A study to assess the relationship between donor uric acid levels and supernatant hemolysis in stored packed red blood cell units
Himanshu Kumar Singh1, Amit Kumar Biswas1, Joseph Philip2, Neerja Kushwaha1, Bhasker Mukherjee3, Ajay K Baranwal1
1 Department of Immunohematology and Blood Transfusion, Armed Forces Medical College, Pune, Maharashtra, India
2 Department of Transfusion Medicine, Bharati Vidyapeeth University, Pune, Maharashtra, India
3 Department of Biochemistry, Armed Forces Medical College, Pune, Maharashtra, India
Department of Immunohematology and Blood Transfusion, Armed Forces Medical College, Sholapur Road, Pune, Maharashtra
Source of Support: None, Conflict of Interest: None
BACKGROUND: Most of the red blood cell (RBC) storage lesions can be attributed to oxidative stress encountered by the RBCs throughout the duration of their storage. Various donor variables at the time of donation may be responsible for the total antioxidant capacity of the supernatant and thus, the “storability” and the magnitude of development of these RBC storage lesions. It is known that uric acid (UA) is responsible for more than 60% of the TAC of the blood. This study aims to explore the relationship between donor UA levels and the difference in percentage hemolysis, an important RBC storage lesion, on day 1 and day 21, in stored packed RBCs (PRBCs) units.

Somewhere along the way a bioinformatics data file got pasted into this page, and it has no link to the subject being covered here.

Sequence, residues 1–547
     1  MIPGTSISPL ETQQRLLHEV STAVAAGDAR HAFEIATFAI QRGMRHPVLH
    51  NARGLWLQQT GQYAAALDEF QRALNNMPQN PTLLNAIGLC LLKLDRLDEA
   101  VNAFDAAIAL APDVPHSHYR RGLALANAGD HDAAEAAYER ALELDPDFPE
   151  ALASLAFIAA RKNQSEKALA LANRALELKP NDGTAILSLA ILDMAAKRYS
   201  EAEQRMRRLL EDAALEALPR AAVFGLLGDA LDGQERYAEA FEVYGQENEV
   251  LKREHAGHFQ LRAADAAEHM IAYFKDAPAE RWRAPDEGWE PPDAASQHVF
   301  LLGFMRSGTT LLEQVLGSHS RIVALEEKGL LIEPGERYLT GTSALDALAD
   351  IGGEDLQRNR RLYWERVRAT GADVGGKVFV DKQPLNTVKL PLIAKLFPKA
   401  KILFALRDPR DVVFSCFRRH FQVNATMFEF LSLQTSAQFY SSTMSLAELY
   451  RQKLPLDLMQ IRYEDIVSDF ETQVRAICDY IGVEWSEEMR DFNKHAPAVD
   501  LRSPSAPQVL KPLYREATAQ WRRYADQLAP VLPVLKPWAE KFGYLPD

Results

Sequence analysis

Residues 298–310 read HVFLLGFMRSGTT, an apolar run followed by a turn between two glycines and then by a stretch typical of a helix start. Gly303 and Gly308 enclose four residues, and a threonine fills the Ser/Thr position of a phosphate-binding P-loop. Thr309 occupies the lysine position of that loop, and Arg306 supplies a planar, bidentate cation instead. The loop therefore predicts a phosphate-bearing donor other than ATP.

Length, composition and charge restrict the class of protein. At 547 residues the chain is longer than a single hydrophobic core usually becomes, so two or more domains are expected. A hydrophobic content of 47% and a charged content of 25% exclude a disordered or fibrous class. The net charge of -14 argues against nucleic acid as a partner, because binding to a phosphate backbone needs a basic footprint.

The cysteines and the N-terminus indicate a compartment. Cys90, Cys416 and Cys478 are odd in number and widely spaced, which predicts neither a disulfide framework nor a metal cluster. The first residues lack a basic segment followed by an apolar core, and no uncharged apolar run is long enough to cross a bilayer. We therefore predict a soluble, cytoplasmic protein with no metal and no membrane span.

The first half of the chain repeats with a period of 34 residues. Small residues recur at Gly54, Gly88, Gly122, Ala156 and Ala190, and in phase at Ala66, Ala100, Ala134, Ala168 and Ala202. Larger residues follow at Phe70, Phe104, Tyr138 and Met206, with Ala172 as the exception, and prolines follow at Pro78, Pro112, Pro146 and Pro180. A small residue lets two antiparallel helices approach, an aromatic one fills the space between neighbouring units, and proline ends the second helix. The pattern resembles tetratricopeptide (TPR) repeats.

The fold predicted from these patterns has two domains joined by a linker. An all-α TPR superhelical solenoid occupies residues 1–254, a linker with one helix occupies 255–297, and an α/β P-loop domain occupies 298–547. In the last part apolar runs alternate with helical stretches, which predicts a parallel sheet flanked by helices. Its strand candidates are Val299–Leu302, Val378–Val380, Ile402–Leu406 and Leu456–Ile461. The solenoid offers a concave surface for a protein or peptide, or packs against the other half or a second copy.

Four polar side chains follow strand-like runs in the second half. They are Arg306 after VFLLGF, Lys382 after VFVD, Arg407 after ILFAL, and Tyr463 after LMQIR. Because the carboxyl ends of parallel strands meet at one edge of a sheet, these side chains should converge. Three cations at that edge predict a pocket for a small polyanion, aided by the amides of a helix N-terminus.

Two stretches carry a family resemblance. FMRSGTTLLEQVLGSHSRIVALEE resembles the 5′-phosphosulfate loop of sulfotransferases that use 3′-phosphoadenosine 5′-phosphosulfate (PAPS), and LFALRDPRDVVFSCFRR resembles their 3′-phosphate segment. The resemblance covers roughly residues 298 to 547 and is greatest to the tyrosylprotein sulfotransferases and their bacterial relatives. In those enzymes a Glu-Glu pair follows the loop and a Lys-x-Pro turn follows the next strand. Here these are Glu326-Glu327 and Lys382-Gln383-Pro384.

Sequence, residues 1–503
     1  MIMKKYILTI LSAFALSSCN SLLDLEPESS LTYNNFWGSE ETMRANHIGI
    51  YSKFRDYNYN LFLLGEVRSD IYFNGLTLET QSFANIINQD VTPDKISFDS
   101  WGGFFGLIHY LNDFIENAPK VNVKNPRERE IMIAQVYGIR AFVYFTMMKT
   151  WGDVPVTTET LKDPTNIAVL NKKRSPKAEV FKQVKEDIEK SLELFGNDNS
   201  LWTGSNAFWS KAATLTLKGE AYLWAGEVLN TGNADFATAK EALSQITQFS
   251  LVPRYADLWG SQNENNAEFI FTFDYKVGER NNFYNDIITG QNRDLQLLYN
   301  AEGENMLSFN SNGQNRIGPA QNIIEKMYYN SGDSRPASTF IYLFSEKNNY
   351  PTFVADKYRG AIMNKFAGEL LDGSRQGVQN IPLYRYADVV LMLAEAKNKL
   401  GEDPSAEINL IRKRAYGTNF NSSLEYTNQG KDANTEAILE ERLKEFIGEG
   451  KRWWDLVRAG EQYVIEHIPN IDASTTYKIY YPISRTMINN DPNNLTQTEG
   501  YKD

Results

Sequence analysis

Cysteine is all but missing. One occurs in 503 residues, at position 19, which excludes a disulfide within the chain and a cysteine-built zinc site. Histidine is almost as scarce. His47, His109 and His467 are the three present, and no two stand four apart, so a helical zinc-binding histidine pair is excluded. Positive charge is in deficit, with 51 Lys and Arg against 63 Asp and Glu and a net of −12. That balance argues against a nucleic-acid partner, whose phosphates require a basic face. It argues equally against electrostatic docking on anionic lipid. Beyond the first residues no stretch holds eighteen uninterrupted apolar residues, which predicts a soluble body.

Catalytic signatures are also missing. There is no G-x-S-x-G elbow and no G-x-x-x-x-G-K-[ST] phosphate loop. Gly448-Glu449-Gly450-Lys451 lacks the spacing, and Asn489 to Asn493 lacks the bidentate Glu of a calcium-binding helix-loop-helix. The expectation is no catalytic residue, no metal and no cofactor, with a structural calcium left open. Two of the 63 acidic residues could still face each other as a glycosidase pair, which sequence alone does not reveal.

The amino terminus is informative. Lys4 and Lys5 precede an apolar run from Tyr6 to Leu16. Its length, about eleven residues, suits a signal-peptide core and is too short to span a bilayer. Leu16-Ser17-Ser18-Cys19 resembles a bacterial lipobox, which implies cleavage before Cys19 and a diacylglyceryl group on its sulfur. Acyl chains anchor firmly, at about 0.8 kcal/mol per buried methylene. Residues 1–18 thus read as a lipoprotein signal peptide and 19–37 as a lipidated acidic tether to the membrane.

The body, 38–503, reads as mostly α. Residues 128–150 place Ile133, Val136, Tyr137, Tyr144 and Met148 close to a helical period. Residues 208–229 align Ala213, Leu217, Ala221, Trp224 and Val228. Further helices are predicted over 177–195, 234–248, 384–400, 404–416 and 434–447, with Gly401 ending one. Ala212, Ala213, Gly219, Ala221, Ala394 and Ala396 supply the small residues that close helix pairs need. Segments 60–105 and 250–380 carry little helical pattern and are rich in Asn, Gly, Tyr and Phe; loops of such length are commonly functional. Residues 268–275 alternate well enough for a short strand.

MATERIALS AND METHODS: The serum UA of 100 healthy voluntary male blood donors was estimated at the time of blood donation. The percentage hemolysis in the supernatant of the leukoreduced citrate phosphate dextrose/saline–adenine–glucose–mannitol RBC units (n = 100) prepared from these donors was calculated on day 1 and day 21. The difference in percentage hemolysis between donors with high normal serum UA levels (>7 mg/dL) was compared to that of the donors with low normal serum UA levels (<5 mg/dL) to observe the effect of donor UA levels on the difference in percentage hemolysis.
RESULTS: The mean of the differences in percentage hemolysis in the supernatant in low UA group (<5 mg/dL) was higher than the mean of the differences in percentage hemolysis in the supernatant in high UA group (>7 mg/dL) and this was statistically significant (P < 0.001). The donor serum UA level and difference in percentage hemolysis on day 21 and day 1 were found to be negatively co-related.
CONCLUSION: Higher levels of serum UA of blood donors seem to have a protective effect on the stored PRBC units as shown in this study. Hence, the potential of UA as one of the constituents of RBC additive solutions might lead to the enhancement of the quality of stored PRBC units by decreasing the RBC storage lesions.